NZ Metro TC 13 October 2023 – R10 – Carter Dalgety
CONEY ISLAND LOU
Addington Raceway, Christchurch
Outcome: Not Proved
Following the running of Race 8, Airpark Canterbury Flying Stakes (Group 1), Junior Driver, Carter Dalgety, denied a breach of Rule 869(4) in that, as the Driver of CONEY ISLAND LOU in the race, he “allowed his horse to shift outwards on the final bend and in the run home hampering a trailing runner”.
The Respondent, a Junior Driver, was assisted at the hearing by Open Driver, Matthew Williamson.
Rule 869 provides as follows:
(4) No driver shall during any race do anything which interferes or is likely to interfere with his own horse and/or any other horse or its progress.
Chief Stipendiary Steward, Nigel McIntyre, showed video replays of the final 200-300 metres of the race. He pointed out CONEY ISLAND LOU, driven by the Respondent, the lead horse, as the field neared the home turn. The horse was racing adjacent to the pylons about half a cart off as is normal. Rounding the bend, the horse was being driven forward with the whip by the Respondent. At no stage was its head “dragged in” by the Respondent, Mr McIntyre alleged, and the Respondent allowed the horse to shift ground outwards. The horse in the trail, WAG STAR (Mark Hurrell) was forced wider than it should have had to – 3-wide, when it should have been 2-wide, Mr McIntyre alleged.
Working down the straight, the Respondent continued to drift up the track and, by the time the finishing line was reached, he was in a 3-wide position, as there was room for two horses inside him, regardless of the passing lane, Mr McIntyre alleged.
The lead horse is required to maintain a straight course in the home run, but the Respondent has allowed his runner to shift away from the marker line and the horse behind him being taken wider on the track. WAG STAR has finished in front of CONEY ISLAND LOU, (5th and 6th respectively) avoiding the possibility of a protest, Mr McIntyre said.
The Respondent, with the aid of the video replay, said that he had come round the bend about a half cart off. If Mr Hurrell had wished to take an easier run while the Respondent was drifting out, it would be logical for him to take an inside run, the Respondent said, and Mr Hurrell had taken no corrective action, his horse had not gone rough or contacted his sulky. He was travelling well and hence had come out. Mr Hurrell had not stopped driving his horse and was not forced to take corrective action, so how could it be said that he had been “hampered”, the Respondent said. In fact, no other horse had been forced wide or hampered in the home straight, he submitted. He submitted that he had taken corrective action rounding the bend and multiple times up the home straight. His left rein was tight the entire time.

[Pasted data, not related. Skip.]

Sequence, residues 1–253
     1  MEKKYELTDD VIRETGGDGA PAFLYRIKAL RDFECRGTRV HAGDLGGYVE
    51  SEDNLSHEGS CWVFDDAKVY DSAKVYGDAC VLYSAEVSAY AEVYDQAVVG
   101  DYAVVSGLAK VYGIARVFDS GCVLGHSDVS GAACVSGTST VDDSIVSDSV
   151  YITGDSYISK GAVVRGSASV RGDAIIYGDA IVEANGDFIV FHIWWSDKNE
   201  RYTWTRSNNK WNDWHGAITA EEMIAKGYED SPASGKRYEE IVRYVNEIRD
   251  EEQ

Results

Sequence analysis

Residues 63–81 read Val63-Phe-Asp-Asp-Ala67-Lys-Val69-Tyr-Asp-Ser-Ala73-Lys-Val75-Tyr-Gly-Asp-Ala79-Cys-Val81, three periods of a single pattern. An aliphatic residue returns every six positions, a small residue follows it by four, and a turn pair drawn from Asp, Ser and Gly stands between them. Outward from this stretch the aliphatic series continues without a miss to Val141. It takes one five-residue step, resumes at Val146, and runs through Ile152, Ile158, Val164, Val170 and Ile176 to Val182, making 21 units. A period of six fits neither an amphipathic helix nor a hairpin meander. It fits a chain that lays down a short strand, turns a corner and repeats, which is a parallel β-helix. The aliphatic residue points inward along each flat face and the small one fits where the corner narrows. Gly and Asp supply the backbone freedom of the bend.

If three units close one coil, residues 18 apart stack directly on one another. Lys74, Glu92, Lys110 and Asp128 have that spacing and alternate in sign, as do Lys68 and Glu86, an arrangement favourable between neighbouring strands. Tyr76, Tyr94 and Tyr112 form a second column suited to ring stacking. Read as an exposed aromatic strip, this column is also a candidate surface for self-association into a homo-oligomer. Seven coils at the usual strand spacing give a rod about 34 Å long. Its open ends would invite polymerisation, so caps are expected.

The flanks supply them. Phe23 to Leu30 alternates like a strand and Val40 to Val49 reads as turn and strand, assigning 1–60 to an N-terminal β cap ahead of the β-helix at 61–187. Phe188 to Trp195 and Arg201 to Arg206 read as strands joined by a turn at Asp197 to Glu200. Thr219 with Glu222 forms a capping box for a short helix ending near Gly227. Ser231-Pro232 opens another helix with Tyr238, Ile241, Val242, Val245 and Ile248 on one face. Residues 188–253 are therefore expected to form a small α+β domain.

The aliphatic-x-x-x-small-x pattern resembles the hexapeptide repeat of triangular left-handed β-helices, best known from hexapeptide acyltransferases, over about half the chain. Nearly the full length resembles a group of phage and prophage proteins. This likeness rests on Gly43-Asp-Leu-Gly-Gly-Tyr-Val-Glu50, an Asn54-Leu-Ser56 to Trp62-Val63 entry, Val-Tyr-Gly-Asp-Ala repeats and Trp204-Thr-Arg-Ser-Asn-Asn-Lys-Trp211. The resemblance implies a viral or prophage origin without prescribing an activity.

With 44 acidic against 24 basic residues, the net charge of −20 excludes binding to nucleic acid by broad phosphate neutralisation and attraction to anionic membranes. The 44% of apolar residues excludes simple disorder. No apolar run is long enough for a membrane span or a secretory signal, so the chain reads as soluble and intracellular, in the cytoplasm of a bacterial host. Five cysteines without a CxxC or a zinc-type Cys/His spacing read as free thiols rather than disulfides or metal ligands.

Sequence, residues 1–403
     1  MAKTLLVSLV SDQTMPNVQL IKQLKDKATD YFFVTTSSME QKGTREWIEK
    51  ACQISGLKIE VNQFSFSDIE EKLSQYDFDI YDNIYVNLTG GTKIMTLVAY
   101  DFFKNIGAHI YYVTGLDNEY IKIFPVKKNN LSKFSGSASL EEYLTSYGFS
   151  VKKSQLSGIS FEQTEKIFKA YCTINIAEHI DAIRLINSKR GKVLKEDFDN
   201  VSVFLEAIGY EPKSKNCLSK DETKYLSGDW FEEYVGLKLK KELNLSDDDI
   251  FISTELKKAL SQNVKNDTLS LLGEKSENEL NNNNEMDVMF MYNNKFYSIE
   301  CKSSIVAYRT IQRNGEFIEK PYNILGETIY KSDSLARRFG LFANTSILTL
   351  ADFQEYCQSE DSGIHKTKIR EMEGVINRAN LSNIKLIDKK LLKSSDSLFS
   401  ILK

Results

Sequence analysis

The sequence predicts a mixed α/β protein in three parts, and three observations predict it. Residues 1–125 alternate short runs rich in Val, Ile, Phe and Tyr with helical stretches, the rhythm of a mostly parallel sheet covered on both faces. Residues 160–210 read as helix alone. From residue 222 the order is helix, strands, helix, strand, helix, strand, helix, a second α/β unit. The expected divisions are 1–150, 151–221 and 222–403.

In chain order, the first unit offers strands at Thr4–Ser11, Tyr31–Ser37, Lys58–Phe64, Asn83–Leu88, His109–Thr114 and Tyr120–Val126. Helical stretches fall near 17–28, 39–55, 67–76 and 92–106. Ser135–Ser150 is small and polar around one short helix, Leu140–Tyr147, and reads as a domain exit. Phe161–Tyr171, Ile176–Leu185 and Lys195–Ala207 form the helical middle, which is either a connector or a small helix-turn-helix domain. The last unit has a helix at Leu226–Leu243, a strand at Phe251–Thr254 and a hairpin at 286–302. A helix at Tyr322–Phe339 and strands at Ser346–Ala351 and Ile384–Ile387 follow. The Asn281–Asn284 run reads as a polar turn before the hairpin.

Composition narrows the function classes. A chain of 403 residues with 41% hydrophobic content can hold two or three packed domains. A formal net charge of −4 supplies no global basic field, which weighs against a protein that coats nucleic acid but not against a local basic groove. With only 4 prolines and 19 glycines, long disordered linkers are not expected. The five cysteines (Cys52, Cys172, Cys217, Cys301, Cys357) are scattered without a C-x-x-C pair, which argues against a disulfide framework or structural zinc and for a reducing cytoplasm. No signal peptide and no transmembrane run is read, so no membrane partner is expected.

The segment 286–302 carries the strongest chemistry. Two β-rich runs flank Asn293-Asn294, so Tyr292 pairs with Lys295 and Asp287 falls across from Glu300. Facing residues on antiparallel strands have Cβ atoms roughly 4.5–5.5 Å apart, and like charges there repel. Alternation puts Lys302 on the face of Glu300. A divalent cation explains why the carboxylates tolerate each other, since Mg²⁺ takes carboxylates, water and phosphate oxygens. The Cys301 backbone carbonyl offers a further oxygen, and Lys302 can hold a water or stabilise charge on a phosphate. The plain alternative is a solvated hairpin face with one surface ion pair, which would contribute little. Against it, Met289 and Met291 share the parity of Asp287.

Mr McIntyre disputed that the Respondent had the horse under a tight grip.
Mr Williamson said that it could be seen from the head-on video replay that the Respondent had made an effort to straighten his runner, after having come round the bend wide. From that point, the Respondent had not moved much wider, he submitted. Neither had any other runner or runners been checked.
The charge was dismissed.
REASONS FOR DECISION:
The Respondent is charged with driving in a manner causing or likely to cause interference to any other horse by allowing his runner, CONEY ISLAND LOU, to shift outwards on the final bend and then hamper another runner, WAG STAR (Mark Hurrell), in the run home.
The Rule requires that the Respondent has caused interference, or is likely to have caused interference, to WAG STAR.
The outwards movement by the Respondent’s runner, CONEY ISLAND LOU, we find, was not marked and the interference, if any, to WAG STAR was minimal. The information alleged that WAG STAR had been “hampered”. There was some outwards movement by CONEY ISLAND LOU, albeit gradual, but we find that Mr Hurrell has at no stage been denied the opportunity to fully drive out his runner. Neither was any interference caused to any other runner in the race and, indeed, it was not alleged by Stewards that this was the case. The allegation is that WAG STAR was “hampered” by any outwards movement of the Respondent’s runner.
“Hamper” is variously defined as “to prevent the progress or free movement of” or “to slow the movement, progress or action of”. Clearly, to hamper can fall short of actual interference in a Harness racing context.
The Rule requires there to be interference or likely interference to another horse or its progress. The Adjudicative Committee is not satisfied, to the standard of the balance of probabilities, that this has been proved in this case.
Decision Date: 13/10/2023
Publish Date: 18/10/2023